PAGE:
Artist's Statement

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From an early age, I was saturated with music and theatre from both of my parents. My father, Charles, is currently a Tribal and Special District Judge in Oklahoma. He is also a classically trained pianist and vocalist who was heavily involved with opera and musical theatre performances throughout his college career. He continues vocal and theatrical performances to this day. As a child, I listened to his performances of Bach and Rachmaninoff, which had a decisive influence on my decision to be a pianist. My mother, Patricia, was a professor of dance and professional choreographer and spent her entire career in the theatre. Throughout my childhood, I spent evenings and weekends at my mother's rehearsals and performances for dance concerts, musicals and ballets. She was also the first person to commission music from me for her original ballet entitled Winter Moons. Winter Moons is based on American Indian stories from the Northern Plains and Rocky Mountains and provided my first opportunity to express myself as an American Indian through the fine arts.

While attending Northwestern University as a piano major, I studied with Dr. Donald J. Isaak, who was a truly unique teacher. Not only was he a master of piano technique and interpretation, he was an orchestral thinker in his playing. He profoundly influenced the way I listen to music. After graduating from Northwestern with a BM in Piano Performance, I went to The Cleveland Institute of Music to begin a masters degree in piano performance, where I studied with Elizabeth Pastor. I added composition to my masters degree and began studies with Dr. Donald Erb. While completing my MM in Piano Performance and Composition, I began composing works based on traditional Chickasaw and other American Indian music.

In 1994, I was invited to participate in the first convention of American Indian composers, in Boulder, Colorado where my double bass concerto entitled Iyaaknasha' was performed. At the convention, I met a Comanche composer from Oklahoma City named Dr. David Bad Eagle Yeagley. Dr. Yeagley expressed his vision of American Indian classical composers following the same path as other American Indian artists - abstracting traditional materials into contemporary expression. Dr. Yeagley's words compelled me to convey the same vision to audiences abroad, and to deliver the message to other American Indians that classical composition is an arena starving for their participation.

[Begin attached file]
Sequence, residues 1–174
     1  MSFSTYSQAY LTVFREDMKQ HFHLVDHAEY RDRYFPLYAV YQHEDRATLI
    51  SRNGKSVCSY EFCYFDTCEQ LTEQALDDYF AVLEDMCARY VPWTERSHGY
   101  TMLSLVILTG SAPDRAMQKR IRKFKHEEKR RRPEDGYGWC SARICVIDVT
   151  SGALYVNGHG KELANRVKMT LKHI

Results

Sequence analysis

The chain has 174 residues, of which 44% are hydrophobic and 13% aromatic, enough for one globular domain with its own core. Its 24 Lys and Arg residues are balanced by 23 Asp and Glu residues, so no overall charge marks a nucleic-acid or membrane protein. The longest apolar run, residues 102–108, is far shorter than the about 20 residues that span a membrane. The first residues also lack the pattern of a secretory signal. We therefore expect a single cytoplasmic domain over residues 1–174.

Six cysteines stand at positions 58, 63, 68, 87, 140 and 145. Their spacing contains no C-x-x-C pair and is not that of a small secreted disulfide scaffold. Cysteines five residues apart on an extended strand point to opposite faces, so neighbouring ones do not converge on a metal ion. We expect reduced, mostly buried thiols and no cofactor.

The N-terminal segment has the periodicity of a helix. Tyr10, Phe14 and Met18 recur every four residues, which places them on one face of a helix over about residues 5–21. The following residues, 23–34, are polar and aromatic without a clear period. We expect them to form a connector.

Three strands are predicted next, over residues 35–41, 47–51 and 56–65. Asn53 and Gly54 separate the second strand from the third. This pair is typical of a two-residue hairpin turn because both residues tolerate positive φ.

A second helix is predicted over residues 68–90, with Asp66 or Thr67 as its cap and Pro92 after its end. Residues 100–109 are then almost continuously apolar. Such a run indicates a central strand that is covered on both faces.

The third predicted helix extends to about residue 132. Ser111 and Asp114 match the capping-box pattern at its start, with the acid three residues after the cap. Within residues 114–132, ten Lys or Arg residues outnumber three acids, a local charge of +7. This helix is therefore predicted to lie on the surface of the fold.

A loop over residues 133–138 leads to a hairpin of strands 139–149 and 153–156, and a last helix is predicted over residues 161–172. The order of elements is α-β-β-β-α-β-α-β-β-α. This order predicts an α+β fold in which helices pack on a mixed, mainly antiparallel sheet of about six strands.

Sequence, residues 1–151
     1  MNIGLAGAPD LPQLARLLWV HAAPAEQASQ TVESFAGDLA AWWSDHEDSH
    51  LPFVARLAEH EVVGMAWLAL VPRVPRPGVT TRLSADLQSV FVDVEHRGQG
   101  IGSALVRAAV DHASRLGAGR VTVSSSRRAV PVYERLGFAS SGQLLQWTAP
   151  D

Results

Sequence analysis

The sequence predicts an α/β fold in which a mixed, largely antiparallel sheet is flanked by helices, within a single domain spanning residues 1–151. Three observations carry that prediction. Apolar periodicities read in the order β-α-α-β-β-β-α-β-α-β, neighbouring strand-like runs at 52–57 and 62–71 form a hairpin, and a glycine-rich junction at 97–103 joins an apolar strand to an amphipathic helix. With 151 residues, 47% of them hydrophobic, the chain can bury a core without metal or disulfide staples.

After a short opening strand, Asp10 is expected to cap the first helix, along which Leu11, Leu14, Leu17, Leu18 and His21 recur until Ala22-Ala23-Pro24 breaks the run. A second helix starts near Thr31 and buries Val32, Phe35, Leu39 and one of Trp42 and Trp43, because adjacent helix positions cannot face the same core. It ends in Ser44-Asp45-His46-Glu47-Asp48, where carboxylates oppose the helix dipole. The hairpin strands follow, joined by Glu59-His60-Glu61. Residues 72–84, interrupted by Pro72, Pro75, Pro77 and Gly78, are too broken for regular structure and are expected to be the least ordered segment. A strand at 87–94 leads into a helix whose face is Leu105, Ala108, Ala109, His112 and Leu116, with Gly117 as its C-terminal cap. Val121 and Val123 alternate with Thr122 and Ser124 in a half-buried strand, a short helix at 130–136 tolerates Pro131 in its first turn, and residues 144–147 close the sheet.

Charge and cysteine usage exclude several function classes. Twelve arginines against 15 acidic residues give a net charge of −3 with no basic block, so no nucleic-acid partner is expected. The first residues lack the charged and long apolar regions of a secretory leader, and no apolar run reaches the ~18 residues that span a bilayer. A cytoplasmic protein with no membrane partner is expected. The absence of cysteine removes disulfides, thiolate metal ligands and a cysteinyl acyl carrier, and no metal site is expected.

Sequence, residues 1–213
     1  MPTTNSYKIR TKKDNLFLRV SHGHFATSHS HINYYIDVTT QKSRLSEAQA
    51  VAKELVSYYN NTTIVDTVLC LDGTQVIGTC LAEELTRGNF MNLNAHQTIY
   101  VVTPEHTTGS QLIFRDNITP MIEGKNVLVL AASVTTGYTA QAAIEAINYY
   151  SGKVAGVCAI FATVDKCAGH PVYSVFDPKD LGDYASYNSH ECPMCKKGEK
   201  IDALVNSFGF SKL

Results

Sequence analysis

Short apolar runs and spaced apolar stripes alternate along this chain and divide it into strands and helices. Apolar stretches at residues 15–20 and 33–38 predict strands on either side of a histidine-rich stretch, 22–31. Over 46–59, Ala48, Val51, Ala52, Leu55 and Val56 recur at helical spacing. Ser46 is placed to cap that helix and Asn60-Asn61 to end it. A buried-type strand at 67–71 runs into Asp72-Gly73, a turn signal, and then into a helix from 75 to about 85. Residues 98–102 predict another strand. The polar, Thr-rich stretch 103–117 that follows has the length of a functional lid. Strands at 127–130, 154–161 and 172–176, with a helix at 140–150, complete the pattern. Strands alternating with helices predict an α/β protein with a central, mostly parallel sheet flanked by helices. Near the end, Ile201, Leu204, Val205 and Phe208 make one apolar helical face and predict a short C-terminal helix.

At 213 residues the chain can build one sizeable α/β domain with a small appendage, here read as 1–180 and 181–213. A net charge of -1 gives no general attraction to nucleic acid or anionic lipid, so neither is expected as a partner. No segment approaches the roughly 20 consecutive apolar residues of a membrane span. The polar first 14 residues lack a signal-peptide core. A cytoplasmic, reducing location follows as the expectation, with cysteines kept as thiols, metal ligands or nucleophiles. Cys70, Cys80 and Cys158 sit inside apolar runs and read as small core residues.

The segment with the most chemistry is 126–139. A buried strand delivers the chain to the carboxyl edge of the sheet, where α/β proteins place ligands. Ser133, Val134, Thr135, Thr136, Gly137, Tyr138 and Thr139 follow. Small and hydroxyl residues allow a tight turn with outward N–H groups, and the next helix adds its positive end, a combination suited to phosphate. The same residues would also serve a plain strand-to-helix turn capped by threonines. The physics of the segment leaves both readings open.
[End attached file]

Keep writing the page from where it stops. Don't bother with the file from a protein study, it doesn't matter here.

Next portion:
As my musical path has evolved, it has become equally important to help young American Indians find a voice in classical composition. In fact, I believe American Indians have a natural ability to represent themselves musically and intelligently in the classical fine arts. I am currently Composer-in-Residence for the Chickasaw Summer Arts Academy. I was also Composer-in-Residence for the Grand Canyon Music Festival's Native American Composer Apprentice Program and the American Composers Forum/Joyce Award community outreach program. All three programs provide classical composition instruction for American Indian students and feature their works in public performances.

I find an unyielding source of strength, love and support from my family and my grandmother, Juanita Foshi' Keel Tate, who gave me the name Taloa' Ikbi (the Chickasaw description for a composer), encouraging me to continue the vision. With this vision burning in my heart, I am dedicated to spending my life looking for American Indian solutions in classical music composition.

spirals

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